With the sun shining and the snow melting away, today is a great day to finish up our series on frogs and toads. Let’s talk about what you should – and shouldn’t – do to bring these amazing creatures to your yard.
I found my three-year-old granddaughter standing by the window yesterday, sobbing her heart out. When I asked her what was wrong, she pointed a qivering finger at the pond and did that “hiccuppy” thing heartbroken children do. Eventually she sputtered out that the frogs in my pond were too cold and she wanted to bring them inside where it was warm. I managed to convince her that the frogs were just fine and that they needed to be in the pond, but the whole time there was a little voice in my head accusing me of blatantly lying to this tender-hearted child. The reality was that I had no earthly idea what frogs do during the winter – or if they were even still alive.
We had an almost perfect fall weekend -- skies were bright blue, temperatures were in the mid-60’s, and every once in a while a slight breeze would bring in the subtle scent of fall. Like I said, it was almost perfect, except for the non-stop noise pollution from our nearby neighbor's industrial strength leaf blower. As I stood in front of his house considering a non-confrontational way to beg him for a break from the noise, something even worse than the noise caught my attention. His haul of blown leaves was tightly tied up in literally a dozen black plastic bags waiting to be hauled off to the dump.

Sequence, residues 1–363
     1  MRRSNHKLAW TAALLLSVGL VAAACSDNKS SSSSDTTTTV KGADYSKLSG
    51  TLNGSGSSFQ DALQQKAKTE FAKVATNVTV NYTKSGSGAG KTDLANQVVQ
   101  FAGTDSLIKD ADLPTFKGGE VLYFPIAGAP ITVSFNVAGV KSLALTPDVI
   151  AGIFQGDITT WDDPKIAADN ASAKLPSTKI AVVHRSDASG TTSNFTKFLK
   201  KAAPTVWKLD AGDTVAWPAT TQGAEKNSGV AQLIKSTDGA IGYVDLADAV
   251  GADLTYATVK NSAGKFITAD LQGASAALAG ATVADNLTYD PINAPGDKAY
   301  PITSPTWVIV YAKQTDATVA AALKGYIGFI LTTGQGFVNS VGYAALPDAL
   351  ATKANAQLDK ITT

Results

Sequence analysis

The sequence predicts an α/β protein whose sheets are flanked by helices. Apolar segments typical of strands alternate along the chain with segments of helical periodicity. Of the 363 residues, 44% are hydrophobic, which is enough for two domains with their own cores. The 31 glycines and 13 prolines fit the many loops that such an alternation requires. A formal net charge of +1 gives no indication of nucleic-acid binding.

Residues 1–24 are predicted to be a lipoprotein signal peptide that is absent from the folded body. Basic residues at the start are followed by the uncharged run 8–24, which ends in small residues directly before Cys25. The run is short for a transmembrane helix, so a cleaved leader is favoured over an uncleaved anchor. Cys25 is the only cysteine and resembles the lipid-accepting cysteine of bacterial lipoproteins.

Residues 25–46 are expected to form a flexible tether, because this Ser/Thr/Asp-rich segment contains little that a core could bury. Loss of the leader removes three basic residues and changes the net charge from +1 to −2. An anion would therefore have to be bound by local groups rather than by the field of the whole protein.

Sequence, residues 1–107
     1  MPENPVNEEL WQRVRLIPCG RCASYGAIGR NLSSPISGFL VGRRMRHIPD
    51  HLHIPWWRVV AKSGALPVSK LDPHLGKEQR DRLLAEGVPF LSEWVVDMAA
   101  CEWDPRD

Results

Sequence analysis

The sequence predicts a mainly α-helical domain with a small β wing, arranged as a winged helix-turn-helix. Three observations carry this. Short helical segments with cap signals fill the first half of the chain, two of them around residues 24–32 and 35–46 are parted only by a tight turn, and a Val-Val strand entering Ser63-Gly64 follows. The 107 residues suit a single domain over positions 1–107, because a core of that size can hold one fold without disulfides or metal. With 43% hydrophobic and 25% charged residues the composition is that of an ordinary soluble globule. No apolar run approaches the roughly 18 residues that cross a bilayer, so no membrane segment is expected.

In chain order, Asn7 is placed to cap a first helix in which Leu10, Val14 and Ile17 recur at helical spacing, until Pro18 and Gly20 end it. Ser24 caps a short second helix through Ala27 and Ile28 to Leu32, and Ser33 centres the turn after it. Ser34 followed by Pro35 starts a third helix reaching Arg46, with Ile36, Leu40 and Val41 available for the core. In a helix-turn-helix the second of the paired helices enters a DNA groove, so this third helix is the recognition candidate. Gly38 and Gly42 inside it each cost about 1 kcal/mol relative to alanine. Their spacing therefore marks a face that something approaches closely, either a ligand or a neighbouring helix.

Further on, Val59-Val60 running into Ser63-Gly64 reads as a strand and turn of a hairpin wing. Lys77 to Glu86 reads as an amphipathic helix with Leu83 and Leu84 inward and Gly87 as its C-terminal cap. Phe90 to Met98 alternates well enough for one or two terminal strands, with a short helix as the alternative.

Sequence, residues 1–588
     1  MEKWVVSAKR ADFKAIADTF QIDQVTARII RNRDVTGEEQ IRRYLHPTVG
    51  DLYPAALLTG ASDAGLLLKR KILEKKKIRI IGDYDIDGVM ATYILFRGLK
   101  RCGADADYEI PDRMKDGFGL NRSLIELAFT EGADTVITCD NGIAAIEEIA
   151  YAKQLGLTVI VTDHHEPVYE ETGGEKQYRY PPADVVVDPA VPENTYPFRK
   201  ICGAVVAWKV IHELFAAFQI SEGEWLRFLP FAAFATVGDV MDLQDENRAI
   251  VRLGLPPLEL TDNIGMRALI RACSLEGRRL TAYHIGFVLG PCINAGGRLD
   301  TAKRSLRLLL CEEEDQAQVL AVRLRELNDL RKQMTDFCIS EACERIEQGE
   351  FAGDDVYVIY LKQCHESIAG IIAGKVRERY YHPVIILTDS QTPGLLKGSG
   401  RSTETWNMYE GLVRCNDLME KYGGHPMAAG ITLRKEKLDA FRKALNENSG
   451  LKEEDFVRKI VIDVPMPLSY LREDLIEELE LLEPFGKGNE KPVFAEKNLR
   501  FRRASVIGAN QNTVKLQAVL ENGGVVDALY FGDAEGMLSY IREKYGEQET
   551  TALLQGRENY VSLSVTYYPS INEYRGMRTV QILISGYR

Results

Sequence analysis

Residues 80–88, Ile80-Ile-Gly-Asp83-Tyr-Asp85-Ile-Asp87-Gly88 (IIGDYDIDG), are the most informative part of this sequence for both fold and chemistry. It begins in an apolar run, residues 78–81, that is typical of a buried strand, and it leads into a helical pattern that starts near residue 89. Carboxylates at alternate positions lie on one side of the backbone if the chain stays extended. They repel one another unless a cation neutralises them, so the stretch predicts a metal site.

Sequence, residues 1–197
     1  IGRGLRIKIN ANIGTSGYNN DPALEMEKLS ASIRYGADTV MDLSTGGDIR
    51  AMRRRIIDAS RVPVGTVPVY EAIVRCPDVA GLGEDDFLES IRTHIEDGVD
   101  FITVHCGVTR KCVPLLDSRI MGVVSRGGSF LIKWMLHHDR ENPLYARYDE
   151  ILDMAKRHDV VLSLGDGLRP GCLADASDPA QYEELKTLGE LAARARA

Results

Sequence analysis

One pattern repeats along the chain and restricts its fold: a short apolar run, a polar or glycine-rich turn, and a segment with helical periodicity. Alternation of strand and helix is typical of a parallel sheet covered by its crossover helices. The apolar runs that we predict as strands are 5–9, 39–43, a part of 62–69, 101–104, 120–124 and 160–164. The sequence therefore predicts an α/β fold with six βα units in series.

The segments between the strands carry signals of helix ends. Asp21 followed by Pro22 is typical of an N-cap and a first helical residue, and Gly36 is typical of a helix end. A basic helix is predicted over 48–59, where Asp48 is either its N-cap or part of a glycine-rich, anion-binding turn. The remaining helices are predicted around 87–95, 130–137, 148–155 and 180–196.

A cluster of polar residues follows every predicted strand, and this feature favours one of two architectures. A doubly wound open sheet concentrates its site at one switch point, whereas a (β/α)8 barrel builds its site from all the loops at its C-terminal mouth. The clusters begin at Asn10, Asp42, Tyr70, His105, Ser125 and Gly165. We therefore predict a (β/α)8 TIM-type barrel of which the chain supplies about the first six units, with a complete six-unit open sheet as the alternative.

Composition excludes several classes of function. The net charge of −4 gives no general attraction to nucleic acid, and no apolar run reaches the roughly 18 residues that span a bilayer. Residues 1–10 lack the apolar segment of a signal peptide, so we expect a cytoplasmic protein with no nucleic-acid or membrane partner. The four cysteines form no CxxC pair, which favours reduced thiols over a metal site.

After the usual summer hosting a solitary visitor, my hummingbird feeders are suddenly overrun with feisty birds fighting for nectar. Last night there were at least ten battling for control; they spent so much time chasing each other away, I’m not sure any of them got a good meal.
As much as I loved being in the middle of the bird chaos, it also made me just a touch sad. All these birds descending on my yard at once could only mean one thing -- preparation for fall migration was starting. Much too soon, all these beautiful birds will be heading south for the winter.
Keeping a healthy, robust butterfly garden throughout the fall is an essential tool in not only maintaining our current butterfly population, but also to hopefully increase it. Here are just a few suggestions Embassy designers suggest to their clients.
By Sandra Nelson
Last year I battled groundhogs and squirrels for control of my yard. (It was a draw; neither side took complete control.) This year, they have added another ally to their side — a pair of devious raccoons. On the surface, they appear innocent, almost disarmingly cute with their black face masks …
By Sandra Nelson
My neighbor two houses down routinely has 4 or 5 hummingbirds flitting around her two feeders every day. (I have to admit that I have been known to “check” occasionally.) I, on the other hand, have one diehard who comes once a day, drinks and then flies off to the neighbor’s …
By Sandra Nelson We had a quick taste of spring this past weekend. It was warm and sunny and people in our neighborhood were out in full force taking advantage of the beautiful days to begin their spring yard clean-up. Leaves were raked and bagged, perennials chopped back to the ground, trees were …